THEATRE / Close to their art: Paul Taylor on Colquhoun and MacBride

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THE TWO Ronnies we've all heard of, but mention of the Two Roberts (as they were called) is unlikely to ring many bells these days. Aiming to put that right, John Byrne's new play Colquhoun and MacBride takes us on a brisk tour of the rowdy, well-lubricated lives of these two Scottish painters, who met at the Glasgow School of Art and then went on to become partners (or even 'a single organism' as one critic purply put it) in love, art and assiduous alcohol abuse.

Beginning in 1937 with the boys just five weeks out of art school, the play - which progresses in bitty, short-winded scenes - follows the pair through their early struggle for recognition, carousings in war-time Fitzrovia and Soho, success in Bond Street and the pages of Picture Post, and a drawn-out decline brought on, it seems, by too much booze and the swing in taste away from romantic lyricism towards American-influenced Abstract Expressionism. In 1957, when the play ends, a Jackson Pollock has just sold for well over dollars 1m, while on the horizon for our heroes are an exhibition in Huddersfield and a breach of the peace charge.

Performed with a wonderful earthy comic vigour by David O'Hara and Ken Stott in the title roles, the play, alas, amounts to a collection of good lines in desperate need of a stronger through-line. Hopping restlessly forward, it flirts with quite a few themes (the guilt of the civilian artist in wartime; anti-gay prejudice; the Celt as cultural outsider; living down to one's legend, etc) but it never gets on to the heavy petting stage with any of them, still less develop a steady, monogamous relationship. The problem also stems partly from the fact that, whereas it's all too easy to show people getting drunk and self-destructive on stage, it's well-nigh impossible to dramatise artistic creativity, so the key paradox referred to in the publicity leaflet that 'Their genius was both served and subverted by their lust for life' receives somewhat lopsided treatment.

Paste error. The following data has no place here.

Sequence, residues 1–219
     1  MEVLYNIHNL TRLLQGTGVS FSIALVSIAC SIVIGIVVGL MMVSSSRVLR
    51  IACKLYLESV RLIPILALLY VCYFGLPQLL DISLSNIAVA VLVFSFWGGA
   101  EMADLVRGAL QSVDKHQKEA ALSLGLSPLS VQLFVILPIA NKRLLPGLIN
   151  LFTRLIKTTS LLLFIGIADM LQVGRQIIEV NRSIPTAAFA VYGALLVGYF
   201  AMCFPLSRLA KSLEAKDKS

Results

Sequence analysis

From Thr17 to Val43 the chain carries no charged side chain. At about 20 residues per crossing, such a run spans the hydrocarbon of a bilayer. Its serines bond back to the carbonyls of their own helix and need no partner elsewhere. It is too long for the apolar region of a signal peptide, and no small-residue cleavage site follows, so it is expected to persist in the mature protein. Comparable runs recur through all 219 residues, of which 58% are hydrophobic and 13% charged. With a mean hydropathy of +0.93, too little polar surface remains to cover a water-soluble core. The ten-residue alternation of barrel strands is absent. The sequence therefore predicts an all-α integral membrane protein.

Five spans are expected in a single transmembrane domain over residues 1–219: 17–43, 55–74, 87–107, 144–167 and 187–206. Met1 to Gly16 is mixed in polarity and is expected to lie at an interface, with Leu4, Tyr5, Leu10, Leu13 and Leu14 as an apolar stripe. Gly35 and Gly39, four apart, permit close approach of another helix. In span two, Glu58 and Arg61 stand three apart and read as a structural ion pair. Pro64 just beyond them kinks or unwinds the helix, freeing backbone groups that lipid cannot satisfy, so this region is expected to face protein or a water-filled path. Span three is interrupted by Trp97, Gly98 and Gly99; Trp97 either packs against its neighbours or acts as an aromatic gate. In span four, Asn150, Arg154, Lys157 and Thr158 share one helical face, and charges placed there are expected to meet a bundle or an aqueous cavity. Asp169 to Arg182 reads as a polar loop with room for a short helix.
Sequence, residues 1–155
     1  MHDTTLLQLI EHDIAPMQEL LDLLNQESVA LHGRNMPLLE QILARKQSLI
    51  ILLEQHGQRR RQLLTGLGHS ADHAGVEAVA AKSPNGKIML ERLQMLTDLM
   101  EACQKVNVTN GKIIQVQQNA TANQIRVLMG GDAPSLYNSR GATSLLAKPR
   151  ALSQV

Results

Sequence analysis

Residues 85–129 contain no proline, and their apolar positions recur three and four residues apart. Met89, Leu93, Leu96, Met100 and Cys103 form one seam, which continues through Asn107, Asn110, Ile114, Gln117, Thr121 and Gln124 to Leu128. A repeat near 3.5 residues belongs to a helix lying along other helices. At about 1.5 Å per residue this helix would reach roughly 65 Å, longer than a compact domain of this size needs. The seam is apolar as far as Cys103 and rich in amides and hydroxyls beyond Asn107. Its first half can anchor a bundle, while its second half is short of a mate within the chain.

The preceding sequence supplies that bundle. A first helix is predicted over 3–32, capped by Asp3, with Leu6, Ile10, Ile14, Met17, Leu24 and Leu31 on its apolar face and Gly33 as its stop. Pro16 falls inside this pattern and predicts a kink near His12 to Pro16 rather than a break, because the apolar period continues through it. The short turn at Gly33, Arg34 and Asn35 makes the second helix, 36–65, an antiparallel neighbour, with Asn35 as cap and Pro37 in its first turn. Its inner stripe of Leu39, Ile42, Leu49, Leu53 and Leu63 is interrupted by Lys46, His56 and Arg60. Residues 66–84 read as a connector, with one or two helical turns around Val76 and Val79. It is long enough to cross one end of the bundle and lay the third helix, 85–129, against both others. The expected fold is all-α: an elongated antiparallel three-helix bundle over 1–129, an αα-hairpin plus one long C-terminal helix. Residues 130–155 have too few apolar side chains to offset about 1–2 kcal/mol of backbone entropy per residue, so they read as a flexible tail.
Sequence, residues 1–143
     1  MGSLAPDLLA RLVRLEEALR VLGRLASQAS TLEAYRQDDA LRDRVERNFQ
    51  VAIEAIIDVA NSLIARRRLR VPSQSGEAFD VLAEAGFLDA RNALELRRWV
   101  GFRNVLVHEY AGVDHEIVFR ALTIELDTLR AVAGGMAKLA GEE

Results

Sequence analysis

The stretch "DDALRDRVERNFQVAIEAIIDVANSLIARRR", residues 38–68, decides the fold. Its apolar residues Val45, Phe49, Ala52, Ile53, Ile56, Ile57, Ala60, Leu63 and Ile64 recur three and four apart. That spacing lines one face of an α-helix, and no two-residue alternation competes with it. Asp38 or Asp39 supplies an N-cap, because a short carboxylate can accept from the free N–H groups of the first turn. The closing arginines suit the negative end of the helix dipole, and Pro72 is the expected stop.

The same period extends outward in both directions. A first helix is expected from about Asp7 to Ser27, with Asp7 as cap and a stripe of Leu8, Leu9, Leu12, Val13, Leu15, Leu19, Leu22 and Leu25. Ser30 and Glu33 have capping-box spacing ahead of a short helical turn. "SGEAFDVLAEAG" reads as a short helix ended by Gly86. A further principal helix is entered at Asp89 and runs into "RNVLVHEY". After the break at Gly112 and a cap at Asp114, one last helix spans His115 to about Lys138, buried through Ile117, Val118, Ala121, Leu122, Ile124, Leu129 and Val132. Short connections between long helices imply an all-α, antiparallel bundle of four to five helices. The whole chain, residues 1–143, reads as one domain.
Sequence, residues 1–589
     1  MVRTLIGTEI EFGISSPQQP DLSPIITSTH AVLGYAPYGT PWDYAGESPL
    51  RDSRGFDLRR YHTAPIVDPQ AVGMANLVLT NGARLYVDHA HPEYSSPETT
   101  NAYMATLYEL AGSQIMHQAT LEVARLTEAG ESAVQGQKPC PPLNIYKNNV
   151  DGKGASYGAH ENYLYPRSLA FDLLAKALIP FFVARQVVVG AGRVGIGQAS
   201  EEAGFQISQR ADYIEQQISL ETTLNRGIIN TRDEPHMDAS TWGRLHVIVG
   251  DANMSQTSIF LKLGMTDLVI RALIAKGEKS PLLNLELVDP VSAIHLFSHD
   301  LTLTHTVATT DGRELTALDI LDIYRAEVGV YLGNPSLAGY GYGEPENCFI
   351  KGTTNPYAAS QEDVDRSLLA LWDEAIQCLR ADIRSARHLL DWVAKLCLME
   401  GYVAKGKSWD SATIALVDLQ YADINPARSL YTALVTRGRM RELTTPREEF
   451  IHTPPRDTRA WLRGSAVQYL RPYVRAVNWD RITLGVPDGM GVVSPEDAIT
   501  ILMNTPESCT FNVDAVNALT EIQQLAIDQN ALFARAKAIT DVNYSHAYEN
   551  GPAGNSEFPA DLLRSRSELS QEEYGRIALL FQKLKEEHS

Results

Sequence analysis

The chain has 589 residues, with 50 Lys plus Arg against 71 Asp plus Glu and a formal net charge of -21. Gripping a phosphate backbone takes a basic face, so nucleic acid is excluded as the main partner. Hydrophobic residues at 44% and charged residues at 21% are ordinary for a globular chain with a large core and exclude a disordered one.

The pitfalls of the bio-play are at times left zestfully unskirted. Barely have the boys put their canvasses down in their first London studio, than a plastered Dylan Thomas is lurching over the threshold and vomiting into a bucket of beer provided by the Polish artist, Jankel Adler. A glass of the resulting carrot-enriched concoction is later offered to an unwitting George Barker. Ah, la vie de boheme, quelle splendeur. Played by a man in drag, Muriel Belcher of the Colony Club puts in a cameo that more than reconciles you to never having made this lady's acquaintance.

Lindsay Posner's production (which is designed with an attractive minimalist flair by the author) has a tough time supplying any illusion of momentum and some of the performances around the central duo are a bit rough. What it faithfully transmits, though, is the good humoured, tolerant spirit of a piece which seems almost to take itself by surprise when it turns latterly into a dark-hued cautionary tale.

Continues at the Royal Court, SW1 (071-730 1745)